The 3 most often-used performance measures in the cognitive and decision sciences are choice, response or decision time, and confidence. We develop a random walk/diffusion theory—2-stage dynamic signal detection (2DSD) theory—that accounts for all 3 measures using a common underlying process. The model uses a drift diffusion process to account for choice and decision time. To estimate confidence, we assume that evidence continues to accumulate after the choice. Judges then interrupt the process to categorize the accumulated evidence into a confidence rating. The model explains all known interrelationships between the 3 indices of performance. Furthermore, the model also accounts for the distributions of each variable in both a perceptual and general knowledge task. The dynamic nature of the model also reveals the moderating effects of time pressure on the accuracy of choice and confidence. Finally, the model specifies the optimal solution for giving the fastest choice and confidence rating for a given level of choice and confidence accuracy. Judges are found to act in a manner consistent with the optimal solution when making confidence judgments.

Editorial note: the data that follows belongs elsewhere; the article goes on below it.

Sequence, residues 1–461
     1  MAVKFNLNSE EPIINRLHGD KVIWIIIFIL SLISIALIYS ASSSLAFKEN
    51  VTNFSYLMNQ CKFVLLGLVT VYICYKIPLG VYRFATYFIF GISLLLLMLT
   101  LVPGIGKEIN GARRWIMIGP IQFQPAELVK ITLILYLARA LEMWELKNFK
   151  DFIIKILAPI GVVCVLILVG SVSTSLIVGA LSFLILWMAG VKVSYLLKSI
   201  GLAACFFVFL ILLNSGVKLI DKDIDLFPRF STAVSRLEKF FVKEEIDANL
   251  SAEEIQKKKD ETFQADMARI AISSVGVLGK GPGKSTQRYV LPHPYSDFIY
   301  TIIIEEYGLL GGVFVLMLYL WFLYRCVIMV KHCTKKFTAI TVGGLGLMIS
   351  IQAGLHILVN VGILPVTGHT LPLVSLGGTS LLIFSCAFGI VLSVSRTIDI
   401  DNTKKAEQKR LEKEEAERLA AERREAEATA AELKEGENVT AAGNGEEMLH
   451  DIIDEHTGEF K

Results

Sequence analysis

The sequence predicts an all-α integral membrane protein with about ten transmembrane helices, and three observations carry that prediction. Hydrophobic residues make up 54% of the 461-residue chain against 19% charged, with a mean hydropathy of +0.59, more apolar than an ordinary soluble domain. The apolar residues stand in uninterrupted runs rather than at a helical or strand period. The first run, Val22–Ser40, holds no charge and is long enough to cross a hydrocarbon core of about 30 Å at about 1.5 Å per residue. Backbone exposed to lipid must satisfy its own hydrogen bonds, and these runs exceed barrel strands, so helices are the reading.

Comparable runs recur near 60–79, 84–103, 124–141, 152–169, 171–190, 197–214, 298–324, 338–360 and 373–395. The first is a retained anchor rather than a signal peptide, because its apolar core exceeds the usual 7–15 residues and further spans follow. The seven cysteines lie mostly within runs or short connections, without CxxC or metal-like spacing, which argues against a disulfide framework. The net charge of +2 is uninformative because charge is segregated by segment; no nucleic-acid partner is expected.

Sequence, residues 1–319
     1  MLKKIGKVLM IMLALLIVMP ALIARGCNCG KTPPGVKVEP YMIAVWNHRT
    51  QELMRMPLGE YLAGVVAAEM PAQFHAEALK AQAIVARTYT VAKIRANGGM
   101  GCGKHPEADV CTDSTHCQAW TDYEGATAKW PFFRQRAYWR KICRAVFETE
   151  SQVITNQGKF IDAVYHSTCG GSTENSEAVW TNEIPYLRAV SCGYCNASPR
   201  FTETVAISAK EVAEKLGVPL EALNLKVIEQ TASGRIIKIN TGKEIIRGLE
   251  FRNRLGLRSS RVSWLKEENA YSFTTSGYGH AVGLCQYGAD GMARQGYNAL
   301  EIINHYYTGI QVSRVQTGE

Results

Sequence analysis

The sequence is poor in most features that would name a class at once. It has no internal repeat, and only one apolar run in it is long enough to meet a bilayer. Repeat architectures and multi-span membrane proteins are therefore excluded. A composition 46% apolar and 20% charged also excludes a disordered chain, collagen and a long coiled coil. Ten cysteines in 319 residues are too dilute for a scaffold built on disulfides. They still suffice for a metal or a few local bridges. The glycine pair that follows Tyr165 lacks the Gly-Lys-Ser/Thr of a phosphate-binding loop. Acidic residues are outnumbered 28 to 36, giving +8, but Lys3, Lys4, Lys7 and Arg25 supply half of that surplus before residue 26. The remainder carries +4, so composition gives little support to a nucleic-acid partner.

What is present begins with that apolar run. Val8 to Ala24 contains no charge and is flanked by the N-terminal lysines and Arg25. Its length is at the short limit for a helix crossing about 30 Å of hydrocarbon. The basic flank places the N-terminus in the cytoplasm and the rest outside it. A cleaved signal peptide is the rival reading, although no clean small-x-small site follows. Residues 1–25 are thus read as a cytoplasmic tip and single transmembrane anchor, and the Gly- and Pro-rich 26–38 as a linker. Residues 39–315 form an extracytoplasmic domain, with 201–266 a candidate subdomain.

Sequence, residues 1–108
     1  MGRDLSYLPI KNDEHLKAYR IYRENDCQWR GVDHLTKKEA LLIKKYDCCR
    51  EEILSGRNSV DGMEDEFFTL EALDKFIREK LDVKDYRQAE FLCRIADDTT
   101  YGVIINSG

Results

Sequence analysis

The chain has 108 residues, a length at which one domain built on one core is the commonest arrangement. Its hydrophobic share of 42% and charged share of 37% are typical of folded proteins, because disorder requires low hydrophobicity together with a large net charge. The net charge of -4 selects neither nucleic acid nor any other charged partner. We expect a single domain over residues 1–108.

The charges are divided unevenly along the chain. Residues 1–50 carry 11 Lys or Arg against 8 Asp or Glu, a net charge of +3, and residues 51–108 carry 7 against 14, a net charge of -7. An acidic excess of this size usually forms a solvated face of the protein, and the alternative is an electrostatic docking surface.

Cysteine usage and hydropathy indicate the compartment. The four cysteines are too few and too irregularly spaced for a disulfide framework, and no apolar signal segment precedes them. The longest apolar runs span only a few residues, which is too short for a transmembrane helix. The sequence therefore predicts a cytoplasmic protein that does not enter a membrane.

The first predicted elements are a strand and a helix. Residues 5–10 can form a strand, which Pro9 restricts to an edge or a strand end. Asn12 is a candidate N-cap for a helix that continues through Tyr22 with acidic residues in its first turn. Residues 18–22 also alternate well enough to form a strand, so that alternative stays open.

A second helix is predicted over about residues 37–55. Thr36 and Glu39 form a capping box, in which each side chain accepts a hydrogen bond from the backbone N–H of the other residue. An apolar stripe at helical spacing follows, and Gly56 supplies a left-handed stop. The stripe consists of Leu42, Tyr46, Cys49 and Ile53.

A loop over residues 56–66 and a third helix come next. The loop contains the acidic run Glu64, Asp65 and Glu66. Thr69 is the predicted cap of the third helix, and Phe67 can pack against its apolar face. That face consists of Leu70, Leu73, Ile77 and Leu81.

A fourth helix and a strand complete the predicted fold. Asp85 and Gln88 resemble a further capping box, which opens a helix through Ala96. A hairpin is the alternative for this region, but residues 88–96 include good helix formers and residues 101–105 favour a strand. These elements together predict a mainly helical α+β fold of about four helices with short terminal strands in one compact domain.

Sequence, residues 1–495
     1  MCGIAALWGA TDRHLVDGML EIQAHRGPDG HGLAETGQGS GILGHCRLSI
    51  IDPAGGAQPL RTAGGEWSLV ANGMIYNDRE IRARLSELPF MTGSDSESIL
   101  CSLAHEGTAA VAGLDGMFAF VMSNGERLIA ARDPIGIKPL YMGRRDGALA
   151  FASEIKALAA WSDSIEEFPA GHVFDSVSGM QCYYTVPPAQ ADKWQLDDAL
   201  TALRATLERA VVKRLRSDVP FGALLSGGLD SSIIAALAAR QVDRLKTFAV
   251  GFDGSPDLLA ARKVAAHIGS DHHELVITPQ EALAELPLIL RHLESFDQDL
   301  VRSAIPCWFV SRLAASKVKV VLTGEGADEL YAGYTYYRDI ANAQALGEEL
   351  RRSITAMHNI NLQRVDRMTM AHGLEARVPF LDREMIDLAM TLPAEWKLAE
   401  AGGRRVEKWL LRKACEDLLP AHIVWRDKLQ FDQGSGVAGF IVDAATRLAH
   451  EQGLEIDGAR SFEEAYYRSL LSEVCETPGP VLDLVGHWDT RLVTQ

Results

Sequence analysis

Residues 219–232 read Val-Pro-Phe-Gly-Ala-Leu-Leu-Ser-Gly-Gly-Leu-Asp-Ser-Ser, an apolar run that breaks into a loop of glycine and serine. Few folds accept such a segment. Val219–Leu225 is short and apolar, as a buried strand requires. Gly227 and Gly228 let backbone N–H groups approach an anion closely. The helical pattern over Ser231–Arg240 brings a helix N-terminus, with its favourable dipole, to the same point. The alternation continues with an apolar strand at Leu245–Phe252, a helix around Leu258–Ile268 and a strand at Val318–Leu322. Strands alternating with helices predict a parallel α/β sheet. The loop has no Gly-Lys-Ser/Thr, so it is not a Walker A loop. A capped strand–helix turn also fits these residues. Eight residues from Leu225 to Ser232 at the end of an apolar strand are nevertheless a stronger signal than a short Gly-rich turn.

Citation: Pleskac, T. J., & Busemeyer, J. R. (2010). Two-stage dynamic signal detection: A theory of choice, decision time, and confidence. Psychological review, 117(3), 864–901. https://doi.org/10.1037/A0019737